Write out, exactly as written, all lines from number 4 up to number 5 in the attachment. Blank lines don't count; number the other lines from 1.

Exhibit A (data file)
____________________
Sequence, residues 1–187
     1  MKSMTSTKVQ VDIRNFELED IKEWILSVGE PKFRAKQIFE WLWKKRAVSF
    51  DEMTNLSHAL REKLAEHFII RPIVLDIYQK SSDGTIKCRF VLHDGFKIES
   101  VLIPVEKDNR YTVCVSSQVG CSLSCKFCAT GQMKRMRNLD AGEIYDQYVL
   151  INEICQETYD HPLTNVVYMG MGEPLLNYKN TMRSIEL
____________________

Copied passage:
   101  VLIPVEKDNR YTVCVSSQVG CSLSCKFCAT GQMKRMRNLD AGEIYDQYVL
   151  INEICQETYD HPLTNVVYMG MGEPLLNYKN TMRSIEL